Through terms like 'husband' and 'wife' marriage provide us with our only universally-understood language of love and commitment. Moreover, marriage is an institution which joins partners not only to each other but to each other's families and to the community.

This is why marriage creates kinship through terms like 'brother-in-law' and 'mother-in-law'. It is why wedding guests are traditionally asked to assent to the marriage. And it is why the state still has a role in registering and entitling marriages.

If and when the couple have children, as more and more same-sex couples are, marriage also includes these children in a legal and social contract that is broader than their immediate family.

In short, marriage creates inclusion and belonging.

To exclude same-sex partners and their children from marriage, or worse, to corral them with another category called 'civil union', sends exactly the opposite message. It says we cannot love as deeply, commit as strongly, contribute as valuably or parent as well as others do. It says we do not belong.

It was my hope that a reformer and humanist like Fr Frank Brennan would understand that in this materialistic world of disposable relationships, valuing love, commitment and inclusion must be our paramount goal. Instead, like St Thomas, he has lost his urge to improve society and reverted to orthodoxy when confronted with a change that troubles his Catholic conscience. 


Rodney CroomeRodney Croome is a Board Member of Australian Marriage Equality and co-author of Why v Why: Gay Marriage published by Pantera Press.

Topic tags: rodney croome, frank brennan, gay marriage, civil unions

 

 

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Existing comments

Same sex marriage is a nonsense like liquid rock or solid water. If persons of the same sex wish to enter into a binding commitment, so be it - but do not call it marriage. Marriage (for all its flaws) is the foundation of family life - entered into between a man and a woman. I am not religious, and I believe that same couples should not be discriminated against eg by superannuation entitlements or even adoption where the same tests as are applied to married people are followed. The push for same sex marriage follows the pattern, ever increasing, of minorities wishing not to follow long established rules setting out the norms of conduct, leading to a disintegration of the fabric of judeo-christian society.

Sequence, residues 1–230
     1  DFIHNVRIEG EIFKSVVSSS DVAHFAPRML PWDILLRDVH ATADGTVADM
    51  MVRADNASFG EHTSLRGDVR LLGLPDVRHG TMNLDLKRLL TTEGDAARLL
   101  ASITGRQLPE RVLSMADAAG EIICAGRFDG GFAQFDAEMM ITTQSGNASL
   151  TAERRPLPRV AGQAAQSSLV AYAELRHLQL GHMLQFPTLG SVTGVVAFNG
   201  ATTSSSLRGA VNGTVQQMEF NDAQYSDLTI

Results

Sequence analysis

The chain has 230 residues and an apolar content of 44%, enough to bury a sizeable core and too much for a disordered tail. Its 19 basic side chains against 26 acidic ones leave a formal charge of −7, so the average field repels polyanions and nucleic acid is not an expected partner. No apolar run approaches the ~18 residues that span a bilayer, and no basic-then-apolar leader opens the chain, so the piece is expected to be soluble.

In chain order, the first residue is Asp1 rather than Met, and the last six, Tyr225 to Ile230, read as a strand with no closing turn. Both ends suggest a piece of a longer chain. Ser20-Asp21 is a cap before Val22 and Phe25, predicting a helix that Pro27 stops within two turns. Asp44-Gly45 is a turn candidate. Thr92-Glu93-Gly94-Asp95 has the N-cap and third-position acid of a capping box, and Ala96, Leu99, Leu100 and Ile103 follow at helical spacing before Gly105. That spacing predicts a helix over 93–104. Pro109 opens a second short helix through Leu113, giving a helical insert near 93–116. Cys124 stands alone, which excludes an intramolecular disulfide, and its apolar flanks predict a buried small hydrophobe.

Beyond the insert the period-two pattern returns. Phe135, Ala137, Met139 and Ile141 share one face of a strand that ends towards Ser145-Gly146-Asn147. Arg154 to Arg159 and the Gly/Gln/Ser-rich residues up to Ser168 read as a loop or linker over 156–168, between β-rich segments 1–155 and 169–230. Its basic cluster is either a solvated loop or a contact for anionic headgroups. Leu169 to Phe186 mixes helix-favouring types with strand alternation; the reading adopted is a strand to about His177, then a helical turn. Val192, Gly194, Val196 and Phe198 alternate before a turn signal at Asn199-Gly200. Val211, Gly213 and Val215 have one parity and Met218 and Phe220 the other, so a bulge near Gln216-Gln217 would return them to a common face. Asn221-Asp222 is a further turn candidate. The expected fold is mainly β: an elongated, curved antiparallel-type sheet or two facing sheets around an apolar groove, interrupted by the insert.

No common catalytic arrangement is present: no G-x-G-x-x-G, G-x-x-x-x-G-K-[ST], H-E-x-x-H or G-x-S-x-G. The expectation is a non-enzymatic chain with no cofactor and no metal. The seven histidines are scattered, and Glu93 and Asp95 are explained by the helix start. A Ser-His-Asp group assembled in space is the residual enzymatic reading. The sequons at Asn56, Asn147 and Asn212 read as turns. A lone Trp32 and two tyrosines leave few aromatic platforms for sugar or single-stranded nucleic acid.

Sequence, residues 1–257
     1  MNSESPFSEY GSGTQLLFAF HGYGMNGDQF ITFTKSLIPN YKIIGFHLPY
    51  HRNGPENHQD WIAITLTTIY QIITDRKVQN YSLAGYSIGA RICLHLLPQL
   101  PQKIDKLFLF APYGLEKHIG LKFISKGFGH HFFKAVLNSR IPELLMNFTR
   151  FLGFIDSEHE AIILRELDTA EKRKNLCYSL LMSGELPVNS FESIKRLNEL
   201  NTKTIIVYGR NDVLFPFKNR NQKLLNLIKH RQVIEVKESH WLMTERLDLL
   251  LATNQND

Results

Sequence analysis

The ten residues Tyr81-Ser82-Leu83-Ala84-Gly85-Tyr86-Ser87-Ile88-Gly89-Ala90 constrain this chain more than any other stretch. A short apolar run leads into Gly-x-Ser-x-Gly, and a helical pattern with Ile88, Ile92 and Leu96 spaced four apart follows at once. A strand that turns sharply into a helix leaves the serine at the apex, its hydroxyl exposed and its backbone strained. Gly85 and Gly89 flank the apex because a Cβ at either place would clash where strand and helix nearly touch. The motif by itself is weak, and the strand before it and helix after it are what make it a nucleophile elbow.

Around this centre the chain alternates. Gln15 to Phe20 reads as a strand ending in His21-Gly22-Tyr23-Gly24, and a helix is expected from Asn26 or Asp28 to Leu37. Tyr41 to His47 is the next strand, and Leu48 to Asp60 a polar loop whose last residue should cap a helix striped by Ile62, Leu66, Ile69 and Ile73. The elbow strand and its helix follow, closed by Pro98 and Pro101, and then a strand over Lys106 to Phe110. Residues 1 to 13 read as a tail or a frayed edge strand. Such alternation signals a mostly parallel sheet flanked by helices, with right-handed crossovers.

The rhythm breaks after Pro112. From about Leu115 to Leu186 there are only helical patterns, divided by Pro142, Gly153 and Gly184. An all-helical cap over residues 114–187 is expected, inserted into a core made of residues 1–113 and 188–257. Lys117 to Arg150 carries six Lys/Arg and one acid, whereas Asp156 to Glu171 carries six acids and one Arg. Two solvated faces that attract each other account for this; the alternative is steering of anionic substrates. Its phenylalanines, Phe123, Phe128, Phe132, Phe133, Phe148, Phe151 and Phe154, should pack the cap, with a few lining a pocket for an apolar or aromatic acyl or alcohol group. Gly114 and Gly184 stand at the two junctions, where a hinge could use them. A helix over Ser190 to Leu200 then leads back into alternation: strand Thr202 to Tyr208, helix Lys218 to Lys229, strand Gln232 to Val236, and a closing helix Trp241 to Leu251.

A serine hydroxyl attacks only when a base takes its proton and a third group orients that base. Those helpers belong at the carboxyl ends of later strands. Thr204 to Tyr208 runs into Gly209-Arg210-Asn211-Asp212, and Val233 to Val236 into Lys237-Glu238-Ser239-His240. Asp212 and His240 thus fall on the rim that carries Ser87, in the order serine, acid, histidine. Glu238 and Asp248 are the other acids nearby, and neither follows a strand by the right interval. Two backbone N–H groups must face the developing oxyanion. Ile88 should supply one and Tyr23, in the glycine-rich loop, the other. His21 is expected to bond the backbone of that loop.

Antony Ames | 26 November 2010


It seems to me that this is all about semantics. If we are able to recognise that a same-sex relationship unites a couple in much the same way as marriage does for a heterosexual couple then why not bless the union and allow the same rights and obligations? Forget about the label "marriage".
Ann Ryan | 26 November 2010


Marriage is between a man and a woman for the procreation and education of children to save their souls to Heaven.

It is a natural law. God has given men and women two different ordinations and together these ordination of male and female provide the best care and example for children. To say "Mum" and "Dad" is sexist is truly absurd.